Boris Johnson vows to meet MPs to discuss Brexit’s impact on touring musicians

Boris Johnson has promised to meet with MPs to discuss the uncertainty surrounding the impact of Brexit on UK touring musicians.

In the Prime Minister’s trade agreement with the EU, after the Bretton Woods crisis, workers in some professions were allowed to travel for business without applying for a visa.

However, the musicians and their crew were not covered in the deal, adding huge costs to future tours of the continent, as well as potentially preventing emerging UK talents from being able to afford it.

The side effect is feared to be the creation of a possible « glass ceiling » that could threaten the stability of the £ 5.8 billion music industry.

While a petition has been launched calling for visa-free tours across Europe for the musicians, a government spokesman later blamed the EU and told NME that they had rejected his proposals, before they were released last weekend. reports that the UK government had rejected a « standard » proposal that would exempt interpreters from the need for a visa to enter EU countries for trips of less than 90 days.

Addressing the commons in the Prime Minister’s questions this luncheon (January 13), Boris Johnson promised to meet with MPs to address their concerns around the issue.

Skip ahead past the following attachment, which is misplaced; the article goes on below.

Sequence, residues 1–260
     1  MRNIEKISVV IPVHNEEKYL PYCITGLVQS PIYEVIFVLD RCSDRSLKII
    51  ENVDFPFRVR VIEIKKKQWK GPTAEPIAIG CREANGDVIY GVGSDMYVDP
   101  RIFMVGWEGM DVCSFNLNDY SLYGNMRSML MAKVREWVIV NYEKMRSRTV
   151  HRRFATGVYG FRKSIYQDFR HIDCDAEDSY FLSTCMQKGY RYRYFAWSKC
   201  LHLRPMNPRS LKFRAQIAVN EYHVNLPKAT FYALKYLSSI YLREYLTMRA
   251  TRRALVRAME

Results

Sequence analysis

In response to Cardiff West MP Kevin Brennan’s request for a meeting, Johnson said: « I will of course ensure that there is a proper meeting with the honorable gentleman and his colleagues on this extremely important issue.

READ MORE: « It’s going to be devastating » – this is how Brexit is going to screw up British touring artists

« I know that our friends in the EU will want to go further to make things better not just for musicians, but for business travelers of all kinds. There is a mutual benefit. »

His promise comes hours after Culture Secretary Oliver Dowden argued to NME that the government had « fought to get a good deal for British music precisely because we recognize how valuable this industry is to the country. »

Arguing that visa-free travel for artists and crew was mutually beneficial for both the UK and the EU, music industry bosses have also spoken out to say that there is now « no excuse » for not finding a solution.

This week has also seen people in the music industry expressing their fear that the current Brexit deal may also prevent UK artists from playing in the US, claiming that if artists cannot acquire « international recognition « Through the usual channel of tapping into neighboring European countries with ease, then this could make them ineligible for a visa.